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New Competition for HealthSource RI Emerges

Tuesday, February 04, 2014

 

UnitedHealthcare – an Obamacare opponent that once eschewed private exchanges – recently shocked a crowd of business owners with plans to open a private exchange for businesses and their employees in Rhode Island. This met immediate criticism from Christine Ferguson, executive director of HealthSource RI, who said UnitedHealthcare’s exchange would limit options.

“There is an exchange that deals with individuals; those individuals get tax credits because they do not have access to affordable, employer-based coverage. The other is a small business exchange. You can choose Blue Cross, Neighborhood and United – and next year, Tufts,” she said.

“With United, the only option given to employer [and employees] is within United. So, any ability that we now have to use competition by allowing consumers to choose goes out the window.”

UnitedHealthcare of New England President and CEO Stephen Farrell dropped the news at the Health Insurance Small Employer Taskforce meeting on Jan. 28. The meeting included a panel discussion with Farrell, Mike Hudson, chief operating officer at Blue Cross & Blue Shield of Rhode Island, Brenda Whittle, vice president of Neighborhood Health Plan of Rhode Island, and Thomas Croswell, president and COO of Tufts Health Plan – executives from the health insurers that offer commercial health plans in Rhode Island.

New contract for state employees

The Chafee administration recently signed a new contract for current and retired state employees with UnitedHealthcare. The contract runs from Jan. 1, 2014, through Dec. 31, 2016. The state can renew it for up to two more years. The cost of the new contract is unknown because the state is self-insured. The contract only covers medical treatment. A separate agreement for prescriptions is being negotiated CVS Caremark.

Richard Asinof broke the exchange story on his online weekly newsletter, ConvergenceRI. Asinof, who was at the meeting, is a journalist who most recently was the health care and life sciences contributing writer for Providence Business News.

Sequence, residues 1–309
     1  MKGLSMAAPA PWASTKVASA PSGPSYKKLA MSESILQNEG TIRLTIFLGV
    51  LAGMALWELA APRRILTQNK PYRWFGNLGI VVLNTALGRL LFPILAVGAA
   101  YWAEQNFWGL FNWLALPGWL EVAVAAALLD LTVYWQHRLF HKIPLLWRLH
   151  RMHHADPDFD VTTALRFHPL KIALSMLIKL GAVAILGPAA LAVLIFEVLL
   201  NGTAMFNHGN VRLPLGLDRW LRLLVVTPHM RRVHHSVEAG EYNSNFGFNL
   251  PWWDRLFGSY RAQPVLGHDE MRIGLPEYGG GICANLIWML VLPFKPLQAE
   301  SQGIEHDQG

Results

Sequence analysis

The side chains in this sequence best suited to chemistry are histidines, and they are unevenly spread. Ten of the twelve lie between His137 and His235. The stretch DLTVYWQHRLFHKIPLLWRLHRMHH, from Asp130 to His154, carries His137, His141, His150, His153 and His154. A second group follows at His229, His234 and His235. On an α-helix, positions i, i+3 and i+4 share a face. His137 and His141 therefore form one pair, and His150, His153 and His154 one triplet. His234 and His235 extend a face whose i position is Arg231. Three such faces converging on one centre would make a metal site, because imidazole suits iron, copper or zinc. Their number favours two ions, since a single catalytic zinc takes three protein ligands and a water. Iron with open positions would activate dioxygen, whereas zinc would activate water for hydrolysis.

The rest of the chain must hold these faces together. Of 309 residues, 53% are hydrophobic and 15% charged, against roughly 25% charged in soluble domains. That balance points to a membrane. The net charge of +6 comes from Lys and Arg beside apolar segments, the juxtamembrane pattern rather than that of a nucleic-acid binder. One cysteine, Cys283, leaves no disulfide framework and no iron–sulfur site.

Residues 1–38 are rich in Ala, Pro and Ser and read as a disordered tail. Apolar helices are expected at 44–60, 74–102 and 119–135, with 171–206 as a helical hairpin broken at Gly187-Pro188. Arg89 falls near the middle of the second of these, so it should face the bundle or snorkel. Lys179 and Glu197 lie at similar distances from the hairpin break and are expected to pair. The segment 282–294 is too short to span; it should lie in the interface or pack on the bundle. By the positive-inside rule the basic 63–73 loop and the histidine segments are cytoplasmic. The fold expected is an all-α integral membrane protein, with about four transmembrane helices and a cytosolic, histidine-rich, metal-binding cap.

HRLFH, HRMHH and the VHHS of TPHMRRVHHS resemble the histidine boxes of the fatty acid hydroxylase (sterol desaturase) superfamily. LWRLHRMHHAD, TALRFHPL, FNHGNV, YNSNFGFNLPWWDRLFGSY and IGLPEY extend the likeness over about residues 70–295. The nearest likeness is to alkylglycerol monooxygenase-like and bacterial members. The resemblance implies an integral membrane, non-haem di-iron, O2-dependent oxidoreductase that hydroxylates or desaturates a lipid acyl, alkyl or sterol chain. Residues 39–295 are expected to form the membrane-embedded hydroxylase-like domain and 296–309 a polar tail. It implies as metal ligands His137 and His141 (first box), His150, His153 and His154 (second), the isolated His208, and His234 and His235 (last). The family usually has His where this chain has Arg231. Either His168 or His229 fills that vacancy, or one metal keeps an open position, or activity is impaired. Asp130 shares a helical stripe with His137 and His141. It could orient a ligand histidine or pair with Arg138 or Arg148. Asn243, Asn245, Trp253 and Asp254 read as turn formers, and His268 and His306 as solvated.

“UnitedHealthcare’s decision to open its own private exchange is in direct competition to Rhode Island’s exchange. As Christine Ferguson, HealthSourceRI’s executive director, said, it is all about the for-profit health insurer’s efforts to increase market share,” Asinof said.

“At issue is not the state of Rhode Island’s recent contract with state employees and retirees. What is at issue is how the state – and the R.I. General Assembly – will choose to provide future financial support for HealthSourceRI.”

Asinof believes UnitedHealthcare’s decision to open its own private exchange provides the illusion of consumer choice – employers and employees can choose between different UnitedHealthcare products, but not from other insurance plans in the marketplace.

“UnitedHealthcare is the biggest health insurer and has made a business decision not to go into the exchanges because they see more profits in skimming off the best risks,” said Robert McGarrah, AFL-CIO Office of Investment Counsel and healthcare benefit expert in Washington, DC.

“They, together with their for-profit competitors, were the biggest opponents of Obamacare, secretly sending over $100 million to the US Chamber of Commerce and Tea Party opponents. Why? Because they didn't like the ‘public option’ that was soon eliminated in a deal with Obama.”

Surprising announcement

In that regard, Farrell’s announcement was a big surprise. Just before the consumer marketplace for insurance went live last year, the Wall Street Journal (WSJ) wrote that big insurers such as UnitedHealthcare would avoid exchanges.

“The insurance companies that are likely to draw attention on the exchanges— which are expected to enroll an estimated 7 million Americans in the first year—are lesser- known, and in many cases will be offering comparatively lower rates. The biggest health insurers are eschewing many of the exchanges out of concern that many of the individuals who will purchase coverage need it because they have chronic illnesses or other medical conditions that are expensive to treat,” write the WSJ.

Under the Affordable Care Act – often referred to as “Obamacare” – companies with 50 or more workers are required to offer affordable health coverage or pay a penalty. Some companies are choosing to offer their employees health benefits via private exchanges — online insurance marketplaces that are separate from the federal system.

“We have always maintained that this one-size-fits-all approach – a heavily-mandated approach – cannot possibly deliver the diversity and range of products that individuals and businesses are looking for,” said Mike Stenhouse, CEO of the Rhode Island Center for Freedom.

“You have to allow open competition. You have to allow businesses to determine which product best meets their needs.”

Asinof said the competition in the Rhode Island health insurance market is for small business customers.

“HealthSourceRI has launched ‘full employee choice,’ targeted at small businesses, as a way to introduce competition and consumer choice in the market to lower costs,” Asinof said.